by Lisa Watters-Lain, Arizona’s Garden Gal
Birds bring beauty and sound to the garden. It’s nice to put out bird feeders with seed and suet to attract birds to your yard. But birds still like to forage and find their own food, and it’s especially important to have food for them to detect when the feeders are empty.
There are many beautiful shrubs and trees with fruits and berries in the fall and winter months. Less often talked about are the common garden flowers with seeds most birds seem to gobble up. Let the last blooms stay on these plants throughout the winter and wait until spring to cut them back. Along with nourishment, many also provide shelter and nesting materials.
We usually keep sedum up for winter interest. It seems to start re-growing as soon as the old leaves die. But even the ground-hugging sedum varieties are popular with pretty much all types of seed eaters.
We’ve had cheerful yellow flowers all summer, but coreopsis really calls the songbirds in as fall color starts to show.
There are many asters, and some do better than others, but they all attract some type of bird, among them: cardinals, chickadees, goldfinches, indigo buntings, nuthatches, sparrows, towhees and more.
Black Eyed Susan, or Rudbeckia
Like coneflowers, black-eyed Susans are a prairie garden staple and can remain standing through most of the winter. Birds you will find feasting on rudbeckia seeds will be: American goldfinches, chickadees, cardinals, nuthatches, sparrows, and towhees.
With sturdy stems, coneflowers can remain standing long into the wettest, snowiest winters. Among the birds seen pecking at coneflowers are the American goldfinch and the pine siskin.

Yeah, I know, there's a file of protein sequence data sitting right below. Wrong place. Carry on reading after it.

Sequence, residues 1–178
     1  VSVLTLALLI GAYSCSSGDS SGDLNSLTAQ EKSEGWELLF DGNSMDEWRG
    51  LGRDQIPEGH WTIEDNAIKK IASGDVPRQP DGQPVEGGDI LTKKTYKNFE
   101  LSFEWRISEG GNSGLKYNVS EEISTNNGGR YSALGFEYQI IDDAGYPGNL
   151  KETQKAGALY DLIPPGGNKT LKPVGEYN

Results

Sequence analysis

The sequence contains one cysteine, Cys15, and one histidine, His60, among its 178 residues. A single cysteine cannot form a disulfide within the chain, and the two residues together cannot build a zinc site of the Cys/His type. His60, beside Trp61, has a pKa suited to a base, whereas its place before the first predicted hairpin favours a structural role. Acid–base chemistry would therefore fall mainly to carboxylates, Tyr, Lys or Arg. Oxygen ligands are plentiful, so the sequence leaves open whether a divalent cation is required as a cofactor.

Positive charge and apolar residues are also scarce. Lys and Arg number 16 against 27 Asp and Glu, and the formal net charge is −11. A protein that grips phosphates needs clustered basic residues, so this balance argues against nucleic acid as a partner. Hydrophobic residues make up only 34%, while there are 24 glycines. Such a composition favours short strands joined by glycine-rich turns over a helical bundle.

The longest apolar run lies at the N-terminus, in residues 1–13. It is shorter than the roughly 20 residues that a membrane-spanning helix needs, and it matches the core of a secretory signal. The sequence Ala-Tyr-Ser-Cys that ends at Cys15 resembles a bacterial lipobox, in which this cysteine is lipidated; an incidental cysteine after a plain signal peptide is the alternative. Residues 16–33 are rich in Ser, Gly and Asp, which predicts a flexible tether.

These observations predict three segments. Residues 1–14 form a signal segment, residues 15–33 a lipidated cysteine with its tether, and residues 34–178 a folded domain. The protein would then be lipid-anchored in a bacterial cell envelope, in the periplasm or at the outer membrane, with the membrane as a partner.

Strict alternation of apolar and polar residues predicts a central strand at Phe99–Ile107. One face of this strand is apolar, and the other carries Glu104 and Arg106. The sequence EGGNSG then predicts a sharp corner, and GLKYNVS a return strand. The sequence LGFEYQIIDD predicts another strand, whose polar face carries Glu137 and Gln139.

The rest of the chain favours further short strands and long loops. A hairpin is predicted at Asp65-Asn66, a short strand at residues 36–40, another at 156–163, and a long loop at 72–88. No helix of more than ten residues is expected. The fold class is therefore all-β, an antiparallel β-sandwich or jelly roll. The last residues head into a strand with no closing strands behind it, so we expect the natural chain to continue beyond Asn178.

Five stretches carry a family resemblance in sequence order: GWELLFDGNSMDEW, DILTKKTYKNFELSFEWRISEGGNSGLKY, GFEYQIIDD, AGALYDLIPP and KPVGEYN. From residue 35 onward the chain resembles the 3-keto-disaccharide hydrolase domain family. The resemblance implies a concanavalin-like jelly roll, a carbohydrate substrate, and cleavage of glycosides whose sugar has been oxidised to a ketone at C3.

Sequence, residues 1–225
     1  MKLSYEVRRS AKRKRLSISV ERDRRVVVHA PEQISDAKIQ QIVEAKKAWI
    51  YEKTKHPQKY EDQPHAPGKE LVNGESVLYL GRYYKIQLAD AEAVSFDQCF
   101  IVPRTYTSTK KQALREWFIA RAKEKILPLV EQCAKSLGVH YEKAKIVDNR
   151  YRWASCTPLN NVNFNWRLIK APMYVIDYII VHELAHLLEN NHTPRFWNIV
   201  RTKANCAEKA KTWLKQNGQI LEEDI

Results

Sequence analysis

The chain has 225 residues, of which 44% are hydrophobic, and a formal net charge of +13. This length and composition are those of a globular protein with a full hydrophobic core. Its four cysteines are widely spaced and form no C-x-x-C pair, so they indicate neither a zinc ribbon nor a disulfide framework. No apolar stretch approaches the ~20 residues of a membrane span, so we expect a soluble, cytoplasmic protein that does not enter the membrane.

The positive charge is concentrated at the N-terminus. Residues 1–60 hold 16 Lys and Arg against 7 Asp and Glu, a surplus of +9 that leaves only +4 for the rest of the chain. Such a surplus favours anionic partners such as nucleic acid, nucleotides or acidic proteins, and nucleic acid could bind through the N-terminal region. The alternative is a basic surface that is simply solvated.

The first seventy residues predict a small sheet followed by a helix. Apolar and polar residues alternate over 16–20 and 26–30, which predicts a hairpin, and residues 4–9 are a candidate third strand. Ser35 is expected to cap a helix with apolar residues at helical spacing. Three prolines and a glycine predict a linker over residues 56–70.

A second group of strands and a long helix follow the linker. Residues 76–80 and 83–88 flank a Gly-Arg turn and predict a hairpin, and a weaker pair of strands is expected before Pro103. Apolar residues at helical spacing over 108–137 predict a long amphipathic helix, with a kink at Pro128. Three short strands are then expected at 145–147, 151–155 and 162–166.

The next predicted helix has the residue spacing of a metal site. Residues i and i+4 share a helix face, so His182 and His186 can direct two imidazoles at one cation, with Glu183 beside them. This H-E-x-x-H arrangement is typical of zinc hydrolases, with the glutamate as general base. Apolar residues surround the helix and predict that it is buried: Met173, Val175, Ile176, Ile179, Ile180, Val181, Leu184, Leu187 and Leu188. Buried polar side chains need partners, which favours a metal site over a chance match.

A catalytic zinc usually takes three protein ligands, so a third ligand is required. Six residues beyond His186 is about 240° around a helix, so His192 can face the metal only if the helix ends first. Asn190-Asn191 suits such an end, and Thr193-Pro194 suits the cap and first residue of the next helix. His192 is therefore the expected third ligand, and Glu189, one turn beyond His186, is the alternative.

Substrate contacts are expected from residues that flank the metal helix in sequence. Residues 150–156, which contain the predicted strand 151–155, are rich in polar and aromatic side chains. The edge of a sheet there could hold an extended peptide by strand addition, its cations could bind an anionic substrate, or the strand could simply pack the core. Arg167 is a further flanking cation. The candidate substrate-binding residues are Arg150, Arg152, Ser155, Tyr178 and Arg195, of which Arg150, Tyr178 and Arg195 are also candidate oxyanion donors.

Unlike the nyjer thistle used in birdseed mixes, this thistle is an attractive plant and not usually aggressive. Its seeds are especially popular with goldfinches.
Goldenrod or Saladgo
These pack a double punch. Several birds, like finches, pine siskins, yellow-rumped warblers and indigo buntings munch on its seeds. But it’s also a popular overwintering site for insects. So the birds get a well-balanced meal from one plant.
Joe Pye Weed or Eupatorium
Birds love this seed to eat and to use the fluff for building warm nests. Look for chickadees, wrens, titmice and juncos.
This plant has so many familiar names like Cup Plant, Prairie Dock, Compass Plant. Daisylike flowers are quite a sight in your garden when the flowers bloom at the pinnacle of their tall stems. Such birds as finches can’t resist their seed as they dry out.
If you’ve grown zinnia and collected its seeds, you know how many there are in each flower. A single plant can keep sparrows or goldfinches busy for an afternoon. Other annuals to keep around for seed include impatiens and autumn marigolds.
Until next issue, I’ll be helping local gardeners attract more birds into the gardens here at Watters Garden Center.